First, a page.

The Lions officially ended training camp on Monday. All that really means is that the practice and meeting schedule will more resemble that of the regular season moving forward and players are no longer required to stay in the team hotel.
With so many starters and coaches back from last year's 10-6 team, the Lions seemed to hit the ground running when practice began July 27.
“No doubt we accomplished more this camp than we ever did with the two-a-days because everything went in first,” center
Here are five things we learned about the Lions in training camp:
Avril missed the entire offseason program and the first eight practices of camp after he and the team couldn’t come to an agreement on a new long-term contract past this year’s $10.6 million franchise tag tender.
But when Avril put on the pads and participated in practice for the first time two days after reporting Aug. 5, it was clear he wasn’t going to need an adjustment period. Avril stepped right into that left defensive end spot and began making life more difficult for Lions offensive tackles in practice.
In his first preseason game Friday in Baltimore, Avril nearly had an interception and recorded two tackles, one on a third-down play which he tackled Ravens running back Ray Rice from behind on a screen play that forced a field goal try.
Avril seems to have picked up right where he left off last season when he had 11 sacks and six forced fumbles.
It only took a couple plays that very first practice back in July for Stafford to hit Johnson down the left sideline for a long touchdown. It’s been a reoccurring theme in practice ever since.
Stafford is coming off a 5,000-yard, 41-touchdown season with 1,681 of those yards and 16 touchdowns heading Johnson’s way.
The two have built a terrific rapport over the last year and it’s featured in practice every day. But why restrict the fun just to practice?
In Friday’s 27-12 victory over the Ravens on national television, Stafford and Johnson connected five times for 111 yards and a touchdown. The pair teamed up for 83 yards in three plays, including an 18-yard touchdown, on the team’s first scoring drive of the second quarter.
Stafford and Johnson are quickly becoming one of the best quarterback-receiver duos in the league, and if training camp and the preseason are any indicators, the two are in for another big season in 2012.
3. The starting right cornerback spot is going to take a little more time to figure out
The two most likely candidates to fill the job are rookie third-round pick
Bentley began training camp in the nickel with Lacey at right cornerback, but Bentley quickly earned himself a look on the outside with some good practices early on.
All through camp the Lions have flip-flopped Bentley and Lacey from the outside to nickel. Head coach Jim Schwartz is giving both players an equal chance at winning the job.
Bentley started at right cornerback against the Browns and had an interception and nearly another one.
Lacey started at right cornerback against the Ravens last week and was solid.
The competition for that starting right cornerback spot opposite
Bentley might have a slight edge at this point, but it's too close to call.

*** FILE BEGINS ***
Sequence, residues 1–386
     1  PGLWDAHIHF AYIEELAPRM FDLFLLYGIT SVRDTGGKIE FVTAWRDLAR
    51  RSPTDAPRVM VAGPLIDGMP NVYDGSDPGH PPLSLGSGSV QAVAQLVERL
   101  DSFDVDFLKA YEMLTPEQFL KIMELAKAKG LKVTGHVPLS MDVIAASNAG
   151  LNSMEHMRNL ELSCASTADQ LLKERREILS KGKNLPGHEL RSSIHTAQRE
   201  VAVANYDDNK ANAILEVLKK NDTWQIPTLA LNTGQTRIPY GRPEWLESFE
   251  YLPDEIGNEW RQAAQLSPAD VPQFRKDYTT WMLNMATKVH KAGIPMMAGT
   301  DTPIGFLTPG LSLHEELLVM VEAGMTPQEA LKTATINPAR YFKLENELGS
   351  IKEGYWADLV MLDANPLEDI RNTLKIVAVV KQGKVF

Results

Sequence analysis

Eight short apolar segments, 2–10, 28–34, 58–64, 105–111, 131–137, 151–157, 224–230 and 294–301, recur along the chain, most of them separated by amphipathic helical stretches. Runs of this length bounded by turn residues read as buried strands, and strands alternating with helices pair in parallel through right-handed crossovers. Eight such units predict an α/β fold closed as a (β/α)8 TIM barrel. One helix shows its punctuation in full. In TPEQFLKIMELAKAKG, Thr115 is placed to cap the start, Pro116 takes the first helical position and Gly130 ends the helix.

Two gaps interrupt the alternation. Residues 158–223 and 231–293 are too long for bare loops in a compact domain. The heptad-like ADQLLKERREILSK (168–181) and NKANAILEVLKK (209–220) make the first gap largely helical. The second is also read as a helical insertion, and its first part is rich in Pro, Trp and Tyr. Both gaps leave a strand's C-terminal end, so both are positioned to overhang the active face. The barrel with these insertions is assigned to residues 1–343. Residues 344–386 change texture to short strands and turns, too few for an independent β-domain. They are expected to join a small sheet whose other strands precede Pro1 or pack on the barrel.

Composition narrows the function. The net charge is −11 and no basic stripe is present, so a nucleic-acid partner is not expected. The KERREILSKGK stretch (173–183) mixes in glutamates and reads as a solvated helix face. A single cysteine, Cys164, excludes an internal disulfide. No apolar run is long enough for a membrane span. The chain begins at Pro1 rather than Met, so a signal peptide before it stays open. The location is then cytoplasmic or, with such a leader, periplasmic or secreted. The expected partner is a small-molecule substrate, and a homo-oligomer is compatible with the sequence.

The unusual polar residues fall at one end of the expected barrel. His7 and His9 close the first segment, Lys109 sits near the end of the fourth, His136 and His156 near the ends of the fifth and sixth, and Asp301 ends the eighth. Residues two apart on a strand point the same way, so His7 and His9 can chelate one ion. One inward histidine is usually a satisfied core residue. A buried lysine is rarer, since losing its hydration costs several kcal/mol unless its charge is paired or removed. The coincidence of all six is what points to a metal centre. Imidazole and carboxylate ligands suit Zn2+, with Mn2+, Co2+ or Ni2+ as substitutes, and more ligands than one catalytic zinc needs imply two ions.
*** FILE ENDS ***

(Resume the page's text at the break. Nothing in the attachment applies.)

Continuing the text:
4. The best is yet to come for defensive end
Young had some big sacks for the Lions last season – the one at the end of the come-from-behind victory over the Cowboys for example – but that small sampling couldn’t have prepared anyone for how good Young would look through the offseason training program, OTAs, minicamp and now training camp. Young has been impressive over the last four months.
A seventh-round pick in 2010, he's become one of the bright young players on this Lions roster.
He had a sack and a quarterback hit in the first preseason game against the Browns. The sack caused a fumble, which Young also recovered.
Friday night against the Ravens, he blocked a punt and had a tackle on defense.
If things continue on their current trend, be ready to see plenty of Young’s trademark ‘reel them in’ sack celebration this season.
5. A few rookies have already shown they belong
The team spent their first three draft picks in April on offensive tackle
Rookies are going to make mistakes, but can they physically match up against the veterans? Can they consistently make plays? All three so far have fit the bill.
Reiff might not crack the starting lineup at tackle to start the regular season, but that’s not an indictment of his play as much as it’s a compliment to how well incumbents
Reiff has looked good when given an opportunity to play and he’s shown to be a versatile lineman that the Lions can plug in at a number of different spots and feel good about his ability. He has a bright future ahead of him.
We have yet to see Broyles at 100-percent following ACL surgery in November but it’s already obvious that he knows how to get open. He understands the mental part of playing the receiver position and knows how to get open within a defensive scheme. When his body catches up to his mind, the Lions are going to have another good weapon for Stafford.
Bentley stepped onto the field the first day of training camp and wasn’t afraid to mix it up with anyone. He’s physical and fast and has a playmaking propensity. That’s a good mix for a rookie cornerback.
The jury is still out on the rest of the Lions draft picks. Linebackers
The Lions aren’t likely to find out what they have in